Chatterjee found the British initiative extremely encouraging. “Being a startup, we always look forward to platforms where we can showcase our initiative,” she said. “These events present an opportunity for us to reach a wider audience and increase awareness about our work.”
Several startups, including Das’s Farmneed, have already witnessed success under the British programme. “We have always been very keen to make Farmneed global. Our expansion plans in the UK could be possible because of such a technology and trade tie-up,” he says.
To recognise the most innovative startups, the UK Government has introduced a technology awards programme. One of Britain’s most prestigious tech awards, which resulted in forty companies being taken to the UK so far, the ‘TECH Rocketship Awards 2018 and 2019’, is open to Indian tech startups. The deadline for applications is October 8. “These awards are for technology startups which want to scale-up, go global and access capital from the UK market,” Bucknell states, adding, “I would like to see more and more startups from Calcutta, the eastern and the Northeastern regions applying.”
Indeed, the British deputy high commissioner stressed in his interview to Outlook that the significance of the strategic location of India’s eastern region cannot be overemphasised in terms of global trade. It shares international borders with several countries, including Bangladesh, Bhutan, Nepal and Myanmar.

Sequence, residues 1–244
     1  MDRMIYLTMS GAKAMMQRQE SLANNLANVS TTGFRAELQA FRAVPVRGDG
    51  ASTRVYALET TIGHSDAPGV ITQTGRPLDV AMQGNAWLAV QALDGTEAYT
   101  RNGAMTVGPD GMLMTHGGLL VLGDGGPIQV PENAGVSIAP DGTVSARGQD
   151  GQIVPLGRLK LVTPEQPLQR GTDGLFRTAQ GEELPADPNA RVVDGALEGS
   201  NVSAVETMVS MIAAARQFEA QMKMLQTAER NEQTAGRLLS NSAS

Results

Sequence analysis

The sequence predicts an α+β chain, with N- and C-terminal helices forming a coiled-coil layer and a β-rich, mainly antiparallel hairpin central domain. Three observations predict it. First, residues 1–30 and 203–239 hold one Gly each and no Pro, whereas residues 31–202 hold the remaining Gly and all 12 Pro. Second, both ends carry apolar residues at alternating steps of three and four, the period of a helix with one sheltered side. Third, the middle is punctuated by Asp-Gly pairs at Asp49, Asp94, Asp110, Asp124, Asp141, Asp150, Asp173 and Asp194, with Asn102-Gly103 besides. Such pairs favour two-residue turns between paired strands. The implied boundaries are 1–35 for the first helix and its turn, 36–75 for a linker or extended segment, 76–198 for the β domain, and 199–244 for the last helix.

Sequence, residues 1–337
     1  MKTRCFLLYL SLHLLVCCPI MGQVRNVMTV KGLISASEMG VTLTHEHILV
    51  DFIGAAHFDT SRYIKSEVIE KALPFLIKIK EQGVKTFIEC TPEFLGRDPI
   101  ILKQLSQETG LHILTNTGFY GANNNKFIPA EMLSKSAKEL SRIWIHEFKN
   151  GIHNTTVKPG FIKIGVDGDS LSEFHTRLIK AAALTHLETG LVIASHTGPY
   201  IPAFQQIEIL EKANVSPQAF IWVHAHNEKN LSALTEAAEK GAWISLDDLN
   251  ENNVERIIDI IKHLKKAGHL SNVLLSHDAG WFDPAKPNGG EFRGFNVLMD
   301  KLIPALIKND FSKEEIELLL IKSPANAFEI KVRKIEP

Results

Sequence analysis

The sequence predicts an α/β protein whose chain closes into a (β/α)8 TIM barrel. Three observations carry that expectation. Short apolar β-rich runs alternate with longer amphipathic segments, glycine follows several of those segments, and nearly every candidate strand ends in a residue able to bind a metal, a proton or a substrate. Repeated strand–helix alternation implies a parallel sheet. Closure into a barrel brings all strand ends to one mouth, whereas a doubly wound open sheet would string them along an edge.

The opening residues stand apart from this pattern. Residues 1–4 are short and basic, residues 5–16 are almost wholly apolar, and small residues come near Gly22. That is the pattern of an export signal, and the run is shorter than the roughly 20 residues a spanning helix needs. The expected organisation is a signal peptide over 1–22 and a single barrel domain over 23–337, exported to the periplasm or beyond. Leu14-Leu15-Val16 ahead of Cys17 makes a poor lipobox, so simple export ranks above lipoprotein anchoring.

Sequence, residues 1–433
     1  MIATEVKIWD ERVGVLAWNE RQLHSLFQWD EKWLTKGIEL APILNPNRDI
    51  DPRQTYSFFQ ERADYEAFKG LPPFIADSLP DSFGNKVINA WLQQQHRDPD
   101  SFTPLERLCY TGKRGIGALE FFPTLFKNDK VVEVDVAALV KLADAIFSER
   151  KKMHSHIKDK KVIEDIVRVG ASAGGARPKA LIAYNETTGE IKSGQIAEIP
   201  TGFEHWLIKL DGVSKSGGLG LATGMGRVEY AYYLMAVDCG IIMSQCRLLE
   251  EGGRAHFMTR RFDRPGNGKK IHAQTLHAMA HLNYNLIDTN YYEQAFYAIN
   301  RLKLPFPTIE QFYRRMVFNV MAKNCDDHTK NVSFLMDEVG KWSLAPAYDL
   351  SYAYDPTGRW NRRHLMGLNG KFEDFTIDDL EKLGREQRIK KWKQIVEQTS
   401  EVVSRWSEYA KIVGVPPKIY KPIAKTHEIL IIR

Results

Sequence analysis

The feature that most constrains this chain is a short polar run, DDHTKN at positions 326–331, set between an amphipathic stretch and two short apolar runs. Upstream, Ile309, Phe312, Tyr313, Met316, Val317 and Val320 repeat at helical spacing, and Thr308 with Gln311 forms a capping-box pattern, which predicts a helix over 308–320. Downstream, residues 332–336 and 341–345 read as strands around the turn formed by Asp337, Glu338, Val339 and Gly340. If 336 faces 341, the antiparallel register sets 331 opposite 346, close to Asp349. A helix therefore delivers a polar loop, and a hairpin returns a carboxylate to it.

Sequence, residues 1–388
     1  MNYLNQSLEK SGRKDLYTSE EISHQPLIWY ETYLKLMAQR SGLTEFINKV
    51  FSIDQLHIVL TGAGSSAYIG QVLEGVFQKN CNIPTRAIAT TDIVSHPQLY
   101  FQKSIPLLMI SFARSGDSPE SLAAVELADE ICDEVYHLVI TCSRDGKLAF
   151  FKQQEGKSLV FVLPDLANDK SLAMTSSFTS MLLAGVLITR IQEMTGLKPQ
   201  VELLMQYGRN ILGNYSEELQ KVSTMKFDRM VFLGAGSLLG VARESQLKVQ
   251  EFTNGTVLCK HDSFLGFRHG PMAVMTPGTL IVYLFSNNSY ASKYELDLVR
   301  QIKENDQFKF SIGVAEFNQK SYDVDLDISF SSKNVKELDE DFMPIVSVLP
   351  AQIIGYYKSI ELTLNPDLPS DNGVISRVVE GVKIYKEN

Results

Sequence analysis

However, the technology and trade tie-up between Britain and India is not limited to any region. Explaining how the concept to launch such a programme emerged, Bucknell says: “Britain and India have strong relations. We have a long, shared history. We have a very large, very successful Indian diaspora in Britain. This is a fantastic asset, as this group of people can provide what can be called a living a bridge between the two countries in terms of the flow of ideas, the sharing of technology and knowledge.” Britain, it is hoped, will be a welcome second home for these apps, as well as a launchpad for the leap beyond.
By Dola Mitra In Calcutta